Attorney General Jeff Sessions said he has not been interviewed or requested to be interviewed by Special Counsel Robert Mueller.
Mueller is conducting an investigation into Russian meddling in the 2016 presidential election, and possible collusion with the Trump campaign, which Sessions advised while still a senator.
At first, Sessions hesitated to answer the question by Sen. Patrick Leahy, D-Vt., which came during a Senate Judiciary Committee hearing on Wednesday on oversight of the Department of Justice.
"I'm not sure I should [answer] without clearing that with the special counsel," Sessions said, before later saying emphatically: "No."
Sessions later told Sen. Joe Kennedy, R-La., that he did not conspire with the Russians and would "absolutely" meet with Mueller if need be.
"I want him to complete his investigation professionally, yes," Sessions said.
A Justice Department spokesperson confirmed to The Washington Examiner that Sessions has not been interviewed, nor asked for an interview by Mueller.
Mueller was appointed by Deputy Attorney General Rod Rosenstein earlier this year. Rosenstein became the acting attorney general overseeing the Russia investigation after Sessions recused himself from the department's investigation.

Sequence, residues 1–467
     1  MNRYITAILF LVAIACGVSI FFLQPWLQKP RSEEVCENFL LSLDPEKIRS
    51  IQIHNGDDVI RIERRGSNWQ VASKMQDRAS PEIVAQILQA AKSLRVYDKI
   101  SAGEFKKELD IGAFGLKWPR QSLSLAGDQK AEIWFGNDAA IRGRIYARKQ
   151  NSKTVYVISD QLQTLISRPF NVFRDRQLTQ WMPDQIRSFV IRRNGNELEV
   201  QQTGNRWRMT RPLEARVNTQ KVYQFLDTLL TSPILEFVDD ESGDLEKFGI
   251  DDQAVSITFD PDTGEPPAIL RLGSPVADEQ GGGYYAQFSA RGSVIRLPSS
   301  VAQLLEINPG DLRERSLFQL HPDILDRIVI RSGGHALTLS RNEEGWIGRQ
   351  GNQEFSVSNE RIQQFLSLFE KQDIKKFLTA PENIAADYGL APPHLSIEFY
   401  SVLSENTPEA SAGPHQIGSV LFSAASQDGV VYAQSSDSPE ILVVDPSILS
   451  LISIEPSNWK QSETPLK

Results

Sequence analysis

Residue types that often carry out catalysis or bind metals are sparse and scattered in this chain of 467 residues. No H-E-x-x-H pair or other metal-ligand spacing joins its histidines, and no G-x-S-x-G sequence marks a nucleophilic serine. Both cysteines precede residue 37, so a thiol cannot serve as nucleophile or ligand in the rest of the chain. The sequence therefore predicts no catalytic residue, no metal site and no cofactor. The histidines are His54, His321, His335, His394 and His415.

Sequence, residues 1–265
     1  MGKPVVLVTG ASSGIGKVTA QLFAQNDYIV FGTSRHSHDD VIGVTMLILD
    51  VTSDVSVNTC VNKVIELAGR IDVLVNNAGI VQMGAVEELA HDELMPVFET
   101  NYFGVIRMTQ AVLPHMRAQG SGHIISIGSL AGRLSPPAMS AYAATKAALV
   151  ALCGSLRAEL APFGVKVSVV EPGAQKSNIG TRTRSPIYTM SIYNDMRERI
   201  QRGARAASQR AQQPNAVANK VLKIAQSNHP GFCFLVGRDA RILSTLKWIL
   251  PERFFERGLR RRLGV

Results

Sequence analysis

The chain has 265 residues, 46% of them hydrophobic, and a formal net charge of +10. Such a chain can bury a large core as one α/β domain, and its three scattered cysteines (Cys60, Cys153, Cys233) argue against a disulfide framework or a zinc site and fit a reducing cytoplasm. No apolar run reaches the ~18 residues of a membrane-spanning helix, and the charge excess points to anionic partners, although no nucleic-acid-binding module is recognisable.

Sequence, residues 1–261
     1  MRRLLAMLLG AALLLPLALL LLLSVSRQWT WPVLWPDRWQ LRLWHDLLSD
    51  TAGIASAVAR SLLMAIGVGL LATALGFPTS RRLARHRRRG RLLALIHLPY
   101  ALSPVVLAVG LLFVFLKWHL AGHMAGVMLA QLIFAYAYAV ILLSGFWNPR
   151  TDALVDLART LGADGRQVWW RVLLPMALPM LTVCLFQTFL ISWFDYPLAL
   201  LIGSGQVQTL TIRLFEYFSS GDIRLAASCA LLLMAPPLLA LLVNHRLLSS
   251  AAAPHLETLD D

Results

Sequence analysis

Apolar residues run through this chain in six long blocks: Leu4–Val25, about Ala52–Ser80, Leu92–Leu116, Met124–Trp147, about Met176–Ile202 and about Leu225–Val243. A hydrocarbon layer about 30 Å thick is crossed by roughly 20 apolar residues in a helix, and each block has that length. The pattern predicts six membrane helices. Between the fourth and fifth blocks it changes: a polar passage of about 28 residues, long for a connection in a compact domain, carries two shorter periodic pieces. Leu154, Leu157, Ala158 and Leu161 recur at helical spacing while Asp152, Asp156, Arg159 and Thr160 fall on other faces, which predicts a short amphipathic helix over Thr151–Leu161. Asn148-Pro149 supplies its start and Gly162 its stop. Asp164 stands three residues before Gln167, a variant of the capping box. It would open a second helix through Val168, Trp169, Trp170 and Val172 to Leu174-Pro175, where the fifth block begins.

Sessions recused himself after it was revealed he did not tell the Senate committee during his confirmation hearing that he had met with Russian Ambassador Sergey Kislyak. But Sessions later said he had only brief meetings with Kislyak in his capacity as a senator, and said upon his recusal that his involvement in the Trump campaign means he should recuse himself from any probe dealing with the campaign.
Leahy told Sessions Wednesday that his answer during his January confirmation hearing was "misleading," but Sessions said he took the senator's questioning as meaning "not any casual conversation."
"I did not meet with [Russian officials] in any way about the election," Sessions explained Wednesday. "I have never had a meeting with any Russian officials to discuss any kind of coordinating campaign efforts."
Sessions later fielded similar questions from Sen. Richard Blumenthal, D-Conn., who seemed to imply that he already knew Sessions had been asked. But Sessions rejected that.
"I have not been asked for an interview at this point," Sessions said after one of his staffers handed him a note on the issue. "Maybe you better check your source."
A Justice Department spokesperson said Blumenthal's assertions are "not true."